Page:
Debra Olson, executive director of the DuPage Homeownership Center, worries that the easy access to personal data on homeowners’ financial problems not only makes them more likely to receive low-ball offers on homes but may also make them a target for mortgage-related scams.

“Many of the families that come in here that are in pre-foreclosure are able to get it turned around, either through the Illinois Hardest Hit program or through mortgage modifications or other means,” Olson said. “I understand that the information is already available through public court records but it takes some real digging. This just seems much too easy for predators.”

mepodmolik@tribune.com
Twitter @mepodmolik


Six Tips On Purchasing An Investment Property

Category : Uncategorized

By Tom Sightings
October 2, 2012 RSS Feed Print

If you’re fed up with the paltry returns you get on bonds, the insulting interest rates paid by banks, and the frenetic fits of the stock market, you might consider turning to rental real estate to supplement your retirement income. But it’s not for everyone. Walk through these six tips to see if real estate can help you construct a sound retirement portfolio. If the idea still seems solid, the next step is to do your homework.

1. Assess your goals. The days of buying real estate and flipping it for a quick profit are long gone. Rental real estate can provide a steady, long-term income, but it takes work. Are you prepared to do lots of research to secure a property in a good location that will be attractive to people in the rental market? Are you ready to crunch the numbers to figure out if a property will work out financially? Are you able to manage your own property, which may include fixing the plumbing, cleaning the carpets, and applying a fresh coat of paint for new tenants? If not, you will need to hire someone else to do it for you.

2. Know the neighborhood. Surely, you’ve heard the old maxim about the three important factors of real estate: location, location, and location. If you’re buying real estate you need to know what you’re getting into. Is there something special about the property, such as a view or proximity to waterfront or public transportation? What are the zoning laws? Is there a new highway on the drawing boards? You can never cover all the unknowns, but you can find out if the rental market is viable. Check with real-estate agents, go online to Zillow and Craigslist, and talk to people in town. You can’t accurately predict what the property will be worth in five years, but you should know if you can rent it next month, and at what price.

3. Buy local. There’s no neighborhood you’re more familiar with than your own. I know one couple who live in a lake community in Pennsylvania. They bought the house next door to them. They break even renting it out for the summer. They make their profit on what comes in during the shoulder season. And when it’s empty they don’t have to worry, because they can look out their window and make sure everything’s okay. The farther away you are from your rental property, the harder it is to do your job as a landlord. If it’s too far, you can’t do it at all. You will have to hire a property manager who will do the job but eat up your profit in the bargain.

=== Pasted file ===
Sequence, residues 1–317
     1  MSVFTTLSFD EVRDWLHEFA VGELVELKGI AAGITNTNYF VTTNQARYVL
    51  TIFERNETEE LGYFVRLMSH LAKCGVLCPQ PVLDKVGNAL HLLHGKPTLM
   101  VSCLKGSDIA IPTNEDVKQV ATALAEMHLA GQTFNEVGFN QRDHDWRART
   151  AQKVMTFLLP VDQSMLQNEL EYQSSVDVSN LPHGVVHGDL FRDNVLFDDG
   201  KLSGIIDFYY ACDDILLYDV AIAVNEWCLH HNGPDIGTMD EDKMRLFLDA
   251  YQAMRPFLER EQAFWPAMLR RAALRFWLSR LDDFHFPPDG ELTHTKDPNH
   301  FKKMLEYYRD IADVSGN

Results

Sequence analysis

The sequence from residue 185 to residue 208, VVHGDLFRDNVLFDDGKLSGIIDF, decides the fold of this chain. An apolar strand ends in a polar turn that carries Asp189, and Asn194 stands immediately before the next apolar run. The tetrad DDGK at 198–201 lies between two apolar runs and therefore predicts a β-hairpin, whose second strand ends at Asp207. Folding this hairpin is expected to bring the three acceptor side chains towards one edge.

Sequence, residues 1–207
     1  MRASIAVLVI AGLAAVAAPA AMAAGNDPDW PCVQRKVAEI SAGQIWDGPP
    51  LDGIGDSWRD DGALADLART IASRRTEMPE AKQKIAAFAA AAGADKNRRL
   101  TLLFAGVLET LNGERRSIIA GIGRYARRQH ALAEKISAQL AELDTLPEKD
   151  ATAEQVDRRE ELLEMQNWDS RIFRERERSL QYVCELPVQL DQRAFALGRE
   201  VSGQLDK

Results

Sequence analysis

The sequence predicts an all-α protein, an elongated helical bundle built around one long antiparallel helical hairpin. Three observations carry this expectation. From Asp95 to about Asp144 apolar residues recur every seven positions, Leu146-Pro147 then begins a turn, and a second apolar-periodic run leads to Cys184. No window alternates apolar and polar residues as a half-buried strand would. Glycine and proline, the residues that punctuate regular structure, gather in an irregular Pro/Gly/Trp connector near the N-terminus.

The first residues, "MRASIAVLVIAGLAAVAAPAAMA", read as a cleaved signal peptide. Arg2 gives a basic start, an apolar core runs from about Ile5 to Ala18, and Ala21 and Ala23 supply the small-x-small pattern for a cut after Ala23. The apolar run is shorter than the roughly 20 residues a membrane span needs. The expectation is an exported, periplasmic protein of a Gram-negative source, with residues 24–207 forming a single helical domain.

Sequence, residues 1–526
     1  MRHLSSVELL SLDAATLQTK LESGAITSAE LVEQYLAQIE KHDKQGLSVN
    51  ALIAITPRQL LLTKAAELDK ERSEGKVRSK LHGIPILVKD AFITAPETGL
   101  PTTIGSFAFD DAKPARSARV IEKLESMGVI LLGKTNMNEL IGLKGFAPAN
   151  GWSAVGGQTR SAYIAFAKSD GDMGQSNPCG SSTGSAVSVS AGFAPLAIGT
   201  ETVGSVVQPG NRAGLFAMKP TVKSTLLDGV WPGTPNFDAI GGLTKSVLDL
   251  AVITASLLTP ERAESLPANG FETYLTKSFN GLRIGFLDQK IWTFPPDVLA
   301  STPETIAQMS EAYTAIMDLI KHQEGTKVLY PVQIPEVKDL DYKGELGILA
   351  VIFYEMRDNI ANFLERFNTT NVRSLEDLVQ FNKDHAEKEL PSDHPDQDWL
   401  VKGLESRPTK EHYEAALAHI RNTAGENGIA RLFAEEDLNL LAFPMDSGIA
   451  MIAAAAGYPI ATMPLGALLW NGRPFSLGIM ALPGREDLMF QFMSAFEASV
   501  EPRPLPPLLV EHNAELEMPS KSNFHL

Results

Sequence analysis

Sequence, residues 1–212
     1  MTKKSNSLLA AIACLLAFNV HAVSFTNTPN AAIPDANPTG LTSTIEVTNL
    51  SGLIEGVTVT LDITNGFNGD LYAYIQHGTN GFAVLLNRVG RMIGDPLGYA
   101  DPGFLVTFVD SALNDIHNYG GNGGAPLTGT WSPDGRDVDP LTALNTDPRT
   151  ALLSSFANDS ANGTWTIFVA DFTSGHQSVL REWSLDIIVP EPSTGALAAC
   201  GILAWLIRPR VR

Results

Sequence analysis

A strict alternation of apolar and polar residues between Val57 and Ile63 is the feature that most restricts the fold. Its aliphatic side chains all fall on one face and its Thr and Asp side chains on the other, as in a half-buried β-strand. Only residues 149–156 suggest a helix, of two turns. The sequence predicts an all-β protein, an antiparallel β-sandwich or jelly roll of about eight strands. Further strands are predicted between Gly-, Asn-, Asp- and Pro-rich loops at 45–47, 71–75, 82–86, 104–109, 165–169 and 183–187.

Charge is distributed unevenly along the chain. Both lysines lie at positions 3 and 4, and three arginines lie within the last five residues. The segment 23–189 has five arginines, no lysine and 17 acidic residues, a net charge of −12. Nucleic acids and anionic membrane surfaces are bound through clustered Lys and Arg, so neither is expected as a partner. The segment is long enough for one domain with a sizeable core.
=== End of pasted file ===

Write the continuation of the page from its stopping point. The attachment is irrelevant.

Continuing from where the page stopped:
4. Best bet: a one bedroom condo. Outside of vacation properties, the sweet spot in the rental market is for single people: young singles, divorced middle-agers, and retired widows. Most of these people do not need, and will not pay for, a larger unit. The one bedroom condo is the Honda Civic of the rental market. There’s nothing sexy about it, but for most people it offers the best value, and is the easiest property to manage.

5. Buy at a good price. An old rule-of-thumb says if you can buy a property for 12 times the amount of its annual rent, then you’re getting a good deal. These days you can do better than that—maybe nine or 10 times the annual rent. Of course, there are always variations, depending on the type of property, location, and the prospects for appreciation. But, remember, there’s no pressure for you to buy. You don’t pay up because you “fall in love” with a place. If you’ve done your homework, you have a pretty good idea what your monthly rental income will be. Don’t pay more than what your monthly cost is going to be. That amount is your limit for what you should pay

6. Make sure you have some reserve cash. If you already own your own home, you know that at some point you’ll inevitably face an unexpected expense—the dishwasher breaks, the roof leaks, or the condo association hits you with an assessment. You need to keep a cash reserve to take care of any surprises, including the possibility that your unit might be unoccupied for a (hopefully short) period of time. You also need to build these irregular expenses into your financial equation to help you decide, in the final analysis, if the whole project is worth it.

Tom Sightings is a former publishing executive who was eased into early retirement in his mid-50s. He lives in the New York area and blogs at Sightings at 60, where he covers health, finance, retirement, and other concerns of baby boomers who realize that somehow they have grown up.


Silver Lake Top Hipster Neighborhood in Nation

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Morgan Brennan, Forbes Staff

Silver Lake, Los Angeles, Ca

Want to roll out of bed and pick up a cup of single-origin java from a coffee shop on your corner? Or grab a gourmet grilled cheese sandwich from a food truck parked down the street? Does a dream weekend include foraging for organic veggies at a farmers market and watching the latest hot indie band play on a small stage through the wee hours of the morning? Then, my hipster friend, Los Angeles’ Silver Lake is the neighborhood for you.

Silver Lake takes the top spot on Forbes’ inaugural list of America’s Best Hipster Neighborhoods. Nestled between Echo Park and Los Feliz, the trendy community boasts some of the nation’s most lauded food trucks and farmers markets, a multicultural blend of residents with eclectic professions, and a booming arts scene. Even the buildings exude an avant garde aesthetic a hipster could love: Silver Lake is home to some of the most celebrated modernist architecture in the country, including Richard Neutra’s VDL Research House and John Lautner’s Silvertop.